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How to Use Athletic Taping to Manage Injuries

Athletic taping methods can help minimize pain and assist with healing for existing injuries when done correctly.

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There is nothing more frustrating than being sidelined from running–or any physical activity–due to an injury.

While all injuries are different, some, such as a sprained ankle, can benefit from the use of athletic taping methods to manage pain from the injury and prevent further damage to the joint.

Athletic taping serves an important purpose: to protect the part of the body on which the tape is applied. This type of tape is broadly known as “athletic tape” and is stretchier and more durable than standard medical tape that might be used to attach gauze to the skin.

Athletic taping can be used to both manage existing injuries and prevent new injuries.

Dr. Sarah Zimmer, DPT is a physical therapist who practices in Boulder, Colorado with PR Sports Labs. She works with athletes of all levels and is a runner and cyclist herself.

“I am passionate about keeping my community active and doing what they love pain-free,” Dr. Zimmer says. “I bring a holistic approach to my treatments for patients that, in addition to other methods, may involve athletic taping to help them recover from their injuries and learn to move better.”

RELATED: The Best Practices for Preventing and Treating Ankle Injuries

Types of Athletic Tape

There are a couple types of athletic tapes a practitioner may use to help prevent injury: athletic tape or Leukotape, and kinesiology tape. Both types vary by their elasticity, material, durability, and purpose.


“Using pure athletic tape, or Leukotape, is helpful for providing joint stability, protection, and even biofeedback to your nervous system,” Dr. Zimmer says. “You can use Leukotape to stabilize and protect a part of the body if you’ve recently injured it or need to provide stability.”

Leukotape is stiffer and has little-to-no stretch, which makes it ideal for adding stability or immobilization to a specific area of the body.

“Leukotape is great for providing support during the initial phases of rehab or to ensure extra protection,” Dr. Zimmer says. “But we know it is just an assistive aid as we work toward strengthening or healing that part of the body as part of a training or rehab regimen.”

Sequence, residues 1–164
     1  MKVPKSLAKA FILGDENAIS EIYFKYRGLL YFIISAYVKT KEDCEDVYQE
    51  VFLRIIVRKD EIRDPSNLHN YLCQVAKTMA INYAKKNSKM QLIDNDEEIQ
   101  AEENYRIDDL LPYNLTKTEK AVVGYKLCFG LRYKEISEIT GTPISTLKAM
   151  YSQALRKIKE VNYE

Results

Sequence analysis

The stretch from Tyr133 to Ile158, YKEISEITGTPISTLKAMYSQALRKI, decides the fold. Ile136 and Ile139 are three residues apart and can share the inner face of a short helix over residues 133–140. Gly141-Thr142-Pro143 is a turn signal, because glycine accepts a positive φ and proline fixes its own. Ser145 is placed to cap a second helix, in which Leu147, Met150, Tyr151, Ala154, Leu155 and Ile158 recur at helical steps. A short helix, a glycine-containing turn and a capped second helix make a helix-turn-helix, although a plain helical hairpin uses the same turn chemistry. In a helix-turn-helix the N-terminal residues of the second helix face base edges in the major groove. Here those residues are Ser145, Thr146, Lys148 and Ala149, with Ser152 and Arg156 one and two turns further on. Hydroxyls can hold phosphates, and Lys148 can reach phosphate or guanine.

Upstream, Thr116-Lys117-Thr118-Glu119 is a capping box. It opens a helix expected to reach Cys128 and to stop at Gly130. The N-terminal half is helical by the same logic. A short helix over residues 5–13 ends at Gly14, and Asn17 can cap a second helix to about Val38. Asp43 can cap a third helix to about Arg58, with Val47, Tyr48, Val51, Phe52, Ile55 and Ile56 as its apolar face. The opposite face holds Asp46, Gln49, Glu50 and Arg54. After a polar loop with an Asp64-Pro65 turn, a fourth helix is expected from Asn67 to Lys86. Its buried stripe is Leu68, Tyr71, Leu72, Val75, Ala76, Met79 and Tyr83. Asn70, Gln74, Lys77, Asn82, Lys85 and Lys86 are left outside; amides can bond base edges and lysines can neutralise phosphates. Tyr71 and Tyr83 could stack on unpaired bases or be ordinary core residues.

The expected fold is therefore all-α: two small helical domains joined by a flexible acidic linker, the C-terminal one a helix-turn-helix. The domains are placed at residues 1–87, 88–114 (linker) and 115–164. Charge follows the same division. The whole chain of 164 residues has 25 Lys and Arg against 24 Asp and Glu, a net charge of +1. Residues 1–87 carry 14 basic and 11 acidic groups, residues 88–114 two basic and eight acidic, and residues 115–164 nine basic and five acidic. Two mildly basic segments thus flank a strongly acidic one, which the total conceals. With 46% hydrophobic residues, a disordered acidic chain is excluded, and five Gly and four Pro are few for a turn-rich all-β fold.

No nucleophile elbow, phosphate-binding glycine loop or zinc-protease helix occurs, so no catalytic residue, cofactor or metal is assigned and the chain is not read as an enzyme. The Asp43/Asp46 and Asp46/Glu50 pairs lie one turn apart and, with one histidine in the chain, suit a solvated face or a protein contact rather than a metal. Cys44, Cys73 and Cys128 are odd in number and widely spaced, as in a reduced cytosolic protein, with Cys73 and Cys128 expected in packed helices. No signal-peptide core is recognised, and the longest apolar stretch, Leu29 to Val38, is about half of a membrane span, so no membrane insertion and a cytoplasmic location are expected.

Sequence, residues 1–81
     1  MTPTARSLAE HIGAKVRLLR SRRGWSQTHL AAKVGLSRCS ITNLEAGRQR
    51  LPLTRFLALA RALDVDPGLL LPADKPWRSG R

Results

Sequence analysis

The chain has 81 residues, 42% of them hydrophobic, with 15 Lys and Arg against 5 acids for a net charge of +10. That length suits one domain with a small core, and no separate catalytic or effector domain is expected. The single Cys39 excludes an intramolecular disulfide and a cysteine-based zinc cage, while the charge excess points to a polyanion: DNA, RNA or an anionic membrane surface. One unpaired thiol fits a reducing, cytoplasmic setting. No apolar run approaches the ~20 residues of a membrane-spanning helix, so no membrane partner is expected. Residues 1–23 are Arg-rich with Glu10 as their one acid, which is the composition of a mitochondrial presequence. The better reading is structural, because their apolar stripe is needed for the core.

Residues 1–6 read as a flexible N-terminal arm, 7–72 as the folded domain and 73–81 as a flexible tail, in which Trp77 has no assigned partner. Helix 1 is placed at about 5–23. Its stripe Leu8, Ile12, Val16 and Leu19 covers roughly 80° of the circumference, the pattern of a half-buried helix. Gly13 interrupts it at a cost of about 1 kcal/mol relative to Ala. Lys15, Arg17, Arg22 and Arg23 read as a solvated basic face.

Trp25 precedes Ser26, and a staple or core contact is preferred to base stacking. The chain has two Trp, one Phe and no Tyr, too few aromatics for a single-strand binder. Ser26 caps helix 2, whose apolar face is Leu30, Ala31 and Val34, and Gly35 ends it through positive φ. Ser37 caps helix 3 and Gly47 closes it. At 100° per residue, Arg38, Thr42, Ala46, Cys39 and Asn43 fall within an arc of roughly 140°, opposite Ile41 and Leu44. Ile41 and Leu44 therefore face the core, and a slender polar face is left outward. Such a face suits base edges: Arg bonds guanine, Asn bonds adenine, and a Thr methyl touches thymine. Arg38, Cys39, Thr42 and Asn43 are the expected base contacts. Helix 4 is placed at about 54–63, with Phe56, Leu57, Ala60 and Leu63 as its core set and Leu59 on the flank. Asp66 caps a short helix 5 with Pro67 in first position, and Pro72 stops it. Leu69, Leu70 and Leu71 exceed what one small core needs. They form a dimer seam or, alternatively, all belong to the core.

Kinesiology Tape

Kinesiology tape offers more stretch than Leukotape and can assist with improving range of motion in a particular area of the body.

“Kinesiology tape provides sensory and mechanical input into the muscle tissue, which sends a different signal to your brain than the more rigid Leukotape,” Dr. Zimmer says. “Kinesiotape helps target the goals of reducing swelling and increasing muscle activation, among others.”

You may see runners using kinesiotape on race day on areas of the body that are chronically tight to give them every chance to expand their range of motion in a painless, non-invasive way.

“There is some research that shows that using kinesiology tape on certain muscles in the ankles and knees helps increase performance and range of motion,” Dr. Zimmer says. “It is definitely a valid option to bring up to your practitioner if you are hoping to prevent overuse injuries while training and during performance.”

Managing Injuries

Using athletic tape is not a silver bullet when it comes to managing existing injuries. Athletes should be working with a practitioner to establish an individualized recovery plan that may also involve strength training, physical therapy exercises, and cross-training. Athletic taping can help manage existing injuries until the patient is strong enough to use the injured part of the body without the support athletic taping provides.

“There are very few adverse reactions or negative side effects with using athletic tape…as long as you are applying it correctly,” Dr. Zimmer says. “However, like a bandage or brace, athletic tape is a temporary solution. Athletic tape is great for providing support during the initial phases of rehab while ensuring extra protection to help a patient get back on their feet as quickly as possible ”

There are many techniques a practitioner may use to incorporate athletic tape into an injury rehabilitation program. Dr. Zimmer walks Women’s Running through three of the most common ones.

RELATED: How to Use Athletic Taping to Prevent Injuries

Ankle Support

The human ankles endure a lot–they get bashed into rocks while trail running, kicked during track meets, and rolled as we stumble downhill at mile 25 of a marathon.

When an ankle sprain arises, it can keep a runner away from training for weeks. While it is recommended that an athlete dealing with an ankle injury consult with a doctor about an appropriate rehab program, athletic taping can help manage an ankle sprain in addition to other treatment methods.